To me I think the thing that I will always remember has been this response by a group of young people, thousands of them, tens of thousands of them, as they listen to a prophet and then simply said, "Yes, I'll do it." And for me I'll never forget that.
Q: With more missionaries, are there delays in processing requests to serve?
A: Whether it be the internal staff here at the Missionary Department, or even whether it be the response by the Quorum of the Twelve Apostles who make — still make — every single missionary call, everyone has worked to meet the need in a very timely manner. And as a result, there is no difference in the amount of time that it takes from the time a stake president submits the calls until the time someone receives their call.
Q: How are these younger missionaries adapting to missionary service?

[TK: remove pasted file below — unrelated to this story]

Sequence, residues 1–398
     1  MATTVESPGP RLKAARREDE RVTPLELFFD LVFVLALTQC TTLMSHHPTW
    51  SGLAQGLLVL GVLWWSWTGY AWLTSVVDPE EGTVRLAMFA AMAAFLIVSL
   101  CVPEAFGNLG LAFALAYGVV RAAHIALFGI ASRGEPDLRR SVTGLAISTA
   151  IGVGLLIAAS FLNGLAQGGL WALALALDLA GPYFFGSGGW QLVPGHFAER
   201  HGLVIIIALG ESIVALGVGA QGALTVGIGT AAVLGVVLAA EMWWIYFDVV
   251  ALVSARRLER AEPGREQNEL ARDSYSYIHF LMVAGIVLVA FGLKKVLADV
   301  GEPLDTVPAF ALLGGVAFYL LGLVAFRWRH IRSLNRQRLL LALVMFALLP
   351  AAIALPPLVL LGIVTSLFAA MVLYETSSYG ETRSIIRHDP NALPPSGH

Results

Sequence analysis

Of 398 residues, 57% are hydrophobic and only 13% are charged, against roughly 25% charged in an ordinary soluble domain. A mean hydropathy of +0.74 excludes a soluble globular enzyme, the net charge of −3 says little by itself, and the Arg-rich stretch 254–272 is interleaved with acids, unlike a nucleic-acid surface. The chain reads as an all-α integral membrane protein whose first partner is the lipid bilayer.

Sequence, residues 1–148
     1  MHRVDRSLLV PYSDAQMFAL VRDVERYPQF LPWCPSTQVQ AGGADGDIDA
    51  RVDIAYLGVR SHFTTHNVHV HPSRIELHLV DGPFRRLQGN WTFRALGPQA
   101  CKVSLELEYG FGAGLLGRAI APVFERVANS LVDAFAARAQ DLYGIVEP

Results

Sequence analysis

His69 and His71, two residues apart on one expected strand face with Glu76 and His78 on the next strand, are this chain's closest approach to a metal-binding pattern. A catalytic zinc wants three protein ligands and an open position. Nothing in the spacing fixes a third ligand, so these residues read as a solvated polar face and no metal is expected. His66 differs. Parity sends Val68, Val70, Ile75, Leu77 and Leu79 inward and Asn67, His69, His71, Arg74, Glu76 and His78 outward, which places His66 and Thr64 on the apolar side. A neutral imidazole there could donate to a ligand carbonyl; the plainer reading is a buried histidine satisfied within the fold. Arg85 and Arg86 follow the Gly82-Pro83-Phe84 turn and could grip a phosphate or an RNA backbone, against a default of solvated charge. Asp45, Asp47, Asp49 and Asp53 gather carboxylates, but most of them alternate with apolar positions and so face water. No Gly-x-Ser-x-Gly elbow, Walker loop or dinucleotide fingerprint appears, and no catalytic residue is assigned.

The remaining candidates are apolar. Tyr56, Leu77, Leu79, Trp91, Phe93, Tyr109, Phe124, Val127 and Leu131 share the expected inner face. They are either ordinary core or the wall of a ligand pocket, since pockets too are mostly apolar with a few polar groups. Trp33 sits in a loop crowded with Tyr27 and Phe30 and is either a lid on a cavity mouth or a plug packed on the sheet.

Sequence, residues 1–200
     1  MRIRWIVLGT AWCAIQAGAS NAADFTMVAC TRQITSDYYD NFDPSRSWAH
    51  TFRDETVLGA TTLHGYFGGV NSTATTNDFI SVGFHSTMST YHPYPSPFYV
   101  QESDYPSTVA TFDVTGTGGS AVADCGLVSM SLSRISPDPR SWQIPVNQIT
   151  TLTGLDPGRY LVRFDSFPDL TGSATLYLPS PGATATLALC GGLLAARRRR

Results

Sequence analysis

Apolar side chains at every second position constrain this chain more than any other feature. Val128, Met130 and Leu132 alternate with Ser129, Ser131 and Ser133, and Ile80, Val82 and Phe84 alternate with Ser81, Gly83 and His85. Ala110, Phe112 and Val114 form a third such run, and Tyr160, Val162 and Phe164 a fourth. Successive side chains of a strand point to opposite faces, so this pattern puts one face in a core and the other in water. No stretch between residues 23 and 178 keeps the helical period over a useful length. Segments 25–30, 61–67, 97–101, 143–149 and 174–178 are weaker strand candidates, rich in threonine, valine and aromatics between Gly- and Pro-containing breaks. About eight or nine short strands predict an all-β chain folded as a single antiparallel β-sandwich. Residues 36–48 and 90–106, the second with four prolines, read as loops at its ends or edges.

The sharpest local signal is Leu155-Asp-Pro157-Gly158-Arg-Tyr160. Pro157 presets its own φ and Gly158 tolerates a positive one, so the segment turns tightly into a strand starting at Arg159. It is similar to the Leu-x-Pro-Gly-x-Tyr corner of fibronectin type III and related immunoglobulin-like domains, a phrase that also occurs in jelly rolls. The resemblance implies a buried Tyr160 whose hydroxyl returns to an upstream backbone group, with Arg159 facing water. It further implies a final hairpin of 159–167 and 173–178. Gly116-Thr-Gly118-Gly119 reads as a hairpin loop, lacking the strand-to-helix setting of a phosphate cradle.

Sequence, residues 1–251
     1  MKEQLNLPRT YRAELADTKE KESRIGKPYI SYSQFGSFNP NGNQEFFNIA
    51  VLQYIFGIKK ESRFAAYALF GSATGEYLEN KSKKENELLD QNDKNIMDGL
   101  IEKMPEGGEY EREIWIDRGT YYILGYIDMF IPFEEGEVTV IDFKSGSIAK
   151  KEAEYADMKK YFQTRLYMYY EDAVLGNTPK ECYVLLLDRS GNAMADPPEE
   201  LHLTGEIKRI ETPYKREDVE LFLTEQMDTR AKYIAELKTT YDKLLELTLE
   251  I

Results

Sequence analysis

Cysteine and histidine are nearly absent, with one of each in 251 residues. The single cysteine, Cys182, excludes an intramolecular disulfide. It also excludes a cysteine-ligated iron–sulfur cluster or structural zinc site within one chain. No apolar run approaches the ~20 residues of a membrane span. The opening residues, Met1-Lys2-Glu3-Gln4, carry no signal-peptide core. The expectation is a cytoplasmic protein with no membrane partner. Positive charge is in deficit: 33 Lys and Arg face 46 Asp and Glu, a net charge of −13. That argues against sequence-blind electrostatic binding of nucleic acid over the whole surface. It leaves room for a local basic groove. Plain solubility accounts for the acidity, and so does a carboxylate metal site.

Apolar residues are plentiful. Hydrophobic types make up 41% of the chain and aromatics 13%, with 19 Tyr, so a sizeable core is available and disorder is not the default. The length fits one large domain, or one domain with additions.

A: This younger group of missionaries is absolutely wonderful. They are coming in anxious to learn; they are coming in in response to a call from the prophet of God. They are coming in having, in many cases, their senior year in high school having been far different than what they ever imagined it would be, where they have focused all year long on getting ready for missionary service. They're coming in wanting to learn and wanting to serve. They are younger. But they are worthy and they are able and they're anxious to serve, and it's been an absolute joy working with them.
Before the announcement there were 48 countries where it was already permitted for 18‑year‑old young men who had graduated from high school to begin missionary service. … Really it's the United States and North America which is coming into sync with some of the rest of the world.
Q: Has the increased number of missionaries resulted in an expansion of Missionary Training Centers?